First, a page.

Kathryn.


Reference:

Bouchrika, I. (2020, September 4). What is empirical research Definitions, Types & Samples. Guide2Research. Retrieved from
https://www.guide2research.com/research/what-is-empirical-research


Footnotes:

[1] ‘my’ educational journey

[2] meaningful to ‘me’


Section Two – My Responses to my Cohort’s Posts:

My response to Trina’s Post January 27: The “C” of Curriculum:
Trina, you make a good argument as a proponent for hands-on learning vs the use of case studies in Health Sciences. Your post certainly brings the value of case studies into question as an educational tool. I agree that our collective programs were fortunate to have this delivery method at the onset of the pandemic to ensure that students met outcomes for graduation. I also agree that the ‘aha moments’ in face-to-face learning environments are awesome for both the student and the instructor. However, case studies and hands-on learning (in our institution’s clinical labs) are both simulated activities. Simulations (after all) are how astronauts are trained.
            
I see how institutions could monetize (and thereby exploit) the use of case studies (I am doing research on this and the rabbit hole is deep!), but I believe that refuting the worth of case studies (sans pandemic), and being concerned that one simulated experience might replace another simulated experience (especially during a pandemic, and even when the pandemic is finally over) is futile. Institutions evolve.
            
Our students will not become licensed or certified or accredited without actual practical experience (thankfully) in coops, practicums, preceptorships, and apprenticeships. 
            
This said, I recall Simona’s comment last January (when we were all still face-to-face in Michael’s class) about ‘the magic’ that occurs when like-minded people collaborate, share, agree and disagree (is the ‘magic’ over now that we are solely online?). I understand that your perspective is from a social point of view (you mention Vygotsky). I am applying Egan’s notion of socialization to your dilemma regarding case studies replacing hands-on learning: “we live in a world that requires flexibility in adaptation to changing norms, beliefs, and values, and evolution has equipped us to be socialized in a manner that creates rigidity and unquestioning commitment to unchanging norms, beliefs, and values” (2001, para. 12).
            
Change is inevitable. It can be difficult to embrace change when the pedagogy we rely on becomes less accessible for educators, and more desirable for institutions to facilitate the modification of our ingrained practices. If outcomes are being met virtually (applications, critical thinking, etc.), then I think it is good that educational institutions explore all approaches to delivery. The world is always changing. As educators, we need to adapt as well.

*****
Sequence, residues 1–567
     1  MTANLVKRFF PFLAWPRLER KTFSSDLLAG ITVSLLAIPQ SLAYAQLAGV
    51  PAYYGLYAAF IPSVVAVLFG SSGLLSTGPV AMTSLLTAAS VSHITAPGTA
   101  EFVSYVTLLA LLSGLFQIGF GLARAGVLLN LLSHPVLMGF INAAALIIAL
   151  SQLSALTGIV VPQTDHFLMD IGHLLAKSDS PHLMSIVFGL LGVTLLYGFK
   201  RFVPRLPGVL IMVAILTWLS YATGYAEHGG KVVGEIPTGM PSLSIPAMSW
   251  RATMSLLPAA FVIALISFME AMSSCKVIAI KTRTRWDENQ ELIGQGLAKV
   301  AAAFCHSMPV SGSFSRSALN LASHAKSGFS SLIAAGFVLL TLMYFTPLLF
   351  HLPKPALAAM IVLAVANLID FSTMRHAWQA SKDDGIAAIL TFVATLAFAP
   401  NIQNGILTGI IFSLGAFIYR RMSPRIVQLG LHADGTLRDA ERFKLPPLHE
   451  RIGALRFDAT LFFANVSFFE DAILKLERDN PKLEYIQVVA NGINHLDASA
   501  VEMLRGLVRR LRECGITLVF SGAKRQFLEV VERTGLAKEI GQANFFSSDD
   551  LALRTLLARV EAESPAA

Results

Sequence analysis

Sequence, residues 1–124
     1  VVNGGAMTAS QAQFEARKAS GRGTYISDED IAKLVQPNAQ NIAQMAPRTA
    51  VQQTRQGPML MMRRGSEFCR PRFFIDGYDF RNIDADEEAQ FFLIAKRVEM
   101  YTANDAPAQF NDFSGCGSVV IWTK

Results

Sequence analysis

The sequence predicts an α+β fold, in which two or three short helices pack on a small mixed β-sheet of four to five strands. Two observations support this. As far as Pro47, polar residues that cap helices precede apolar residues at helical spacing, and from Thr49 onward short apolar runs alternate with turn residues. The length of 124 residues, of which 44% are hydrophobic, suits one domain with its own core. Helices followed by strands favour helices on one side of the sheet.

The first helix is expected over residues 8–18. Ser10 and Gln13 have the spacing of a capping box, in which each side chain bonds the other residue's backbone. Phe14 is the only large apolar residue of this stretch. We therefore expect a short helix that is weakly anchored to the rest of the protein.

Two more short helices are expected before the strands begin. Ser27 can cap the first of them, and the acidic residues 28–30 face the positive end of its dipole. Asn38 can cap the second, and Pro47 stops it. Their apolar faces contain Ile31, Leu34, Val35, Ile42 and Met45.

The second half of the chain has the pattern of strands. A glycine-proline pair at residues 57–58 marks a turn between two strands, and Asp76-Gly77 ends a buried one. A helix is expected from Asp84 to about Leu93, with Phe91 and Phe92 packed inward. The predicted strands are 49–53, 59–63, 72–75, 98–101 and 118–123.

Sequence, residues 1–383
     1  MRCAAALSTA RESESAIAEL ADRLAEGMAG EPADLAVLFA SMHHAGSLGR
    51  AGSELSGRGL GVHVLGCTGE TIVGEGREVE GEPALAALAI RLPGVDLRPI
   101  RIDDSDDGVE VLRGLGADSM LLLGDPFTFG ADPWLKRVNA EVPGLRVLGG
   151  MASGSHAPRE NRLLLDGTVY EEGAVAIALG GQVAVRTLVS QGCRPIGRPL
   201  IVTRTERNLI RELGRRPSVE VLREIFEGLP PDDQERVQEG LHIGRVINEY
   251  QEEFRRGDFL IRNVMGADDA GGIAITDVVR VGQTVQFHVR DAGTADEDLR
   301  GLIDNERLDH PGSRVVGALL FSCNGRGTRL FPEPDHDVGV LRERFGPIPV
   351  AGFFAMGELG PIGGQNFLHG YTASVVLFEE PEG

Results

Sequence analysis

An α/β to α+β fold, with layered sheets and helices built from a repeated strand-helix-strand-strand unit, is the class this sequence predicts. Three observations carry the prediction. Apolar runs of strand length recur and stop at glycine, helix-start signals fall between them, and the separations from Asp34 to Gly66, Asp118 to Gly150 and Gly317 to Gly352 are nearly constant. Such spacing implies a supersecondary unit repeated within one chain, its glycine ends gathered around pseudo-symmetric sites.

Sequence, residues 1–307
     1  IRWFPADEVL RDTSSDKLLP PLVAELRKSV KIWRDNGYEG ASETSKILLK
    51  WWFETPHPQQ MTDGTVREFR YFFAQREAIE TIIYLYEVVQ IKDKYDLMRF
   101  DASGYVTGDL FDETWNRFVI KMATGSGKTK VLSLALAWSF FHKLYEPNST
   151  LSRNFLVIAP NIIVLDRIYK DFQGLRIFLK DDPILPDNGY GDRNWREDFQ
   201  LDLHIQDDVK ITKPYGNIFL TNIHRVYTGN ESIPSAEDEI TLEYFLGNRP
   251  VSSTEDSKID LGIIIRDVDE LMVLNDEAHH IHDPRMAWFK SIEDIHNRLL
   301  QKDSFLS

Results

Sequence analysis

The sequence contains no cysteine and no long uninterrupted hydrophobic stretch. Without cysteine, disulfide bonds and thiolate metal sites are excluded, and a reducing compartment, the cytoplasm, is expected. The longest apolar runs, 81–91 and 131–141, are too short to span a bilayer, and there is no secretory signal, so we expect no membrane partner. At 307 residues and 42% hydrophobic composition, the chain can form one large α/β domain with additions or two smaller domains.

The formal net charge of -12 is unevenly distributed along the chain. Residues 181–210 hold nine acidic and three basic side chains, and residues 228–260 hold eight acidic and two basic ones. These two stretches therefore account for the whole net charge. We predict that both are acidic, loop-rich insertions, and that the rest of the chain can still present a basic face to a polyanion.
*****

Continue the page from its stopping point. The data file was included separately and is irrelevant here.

Kathryn.

Reference:

Egan, K. (2001). Why education is so difficult and contentious. Teachers College Record, 103, 6, 923-41.

Disclaimer: I apologize for my (over)use of parentheses.

My response to Joanne’s post February 3: Recapitulating Curriculum:
Wow. Joanne, where do I start? Your post challenges my rusty mind. First, I had to look up the word ‘recapitulate,’ and I agree that the time we ‘experts’ spend on creating appropriate and meaningful curriculum is key. Thanks, in large part to our cohort’s advisor, Dr. Cary Campbell for introducing us to semiotics, I am beginning to see this challenge from an appreciative standpoint with the use of Peirce’s semiotic principles (I believe you are right Nigel with your suggestion from last week’s class of employing AI when constructing curriculum – and not just for then inhabitants of Azure!).
            
I am a visual learner and often words on a page have no meaning for me, so I found this diagram which will assist in the recapitulation. By the way (now that I know what the word means), I strongly believe that it is crucial to “summarize and state the main points of” (Oxford, 2021) any inquiry so as not to lose sight of our focus of applying “specific course content and pedagogy” that reflects the context of “local and historical conditions,” as you state Joanne.

Halliday, 2015

Most respectfully,
Kathryn.

Reference:

Halliday, H. (2015, October 1). Charles Sanders Peirce. Slideshare. Retrieved from 
https://www.slideshare.net/hallidayhannah/charles-sanders-peirce-53418698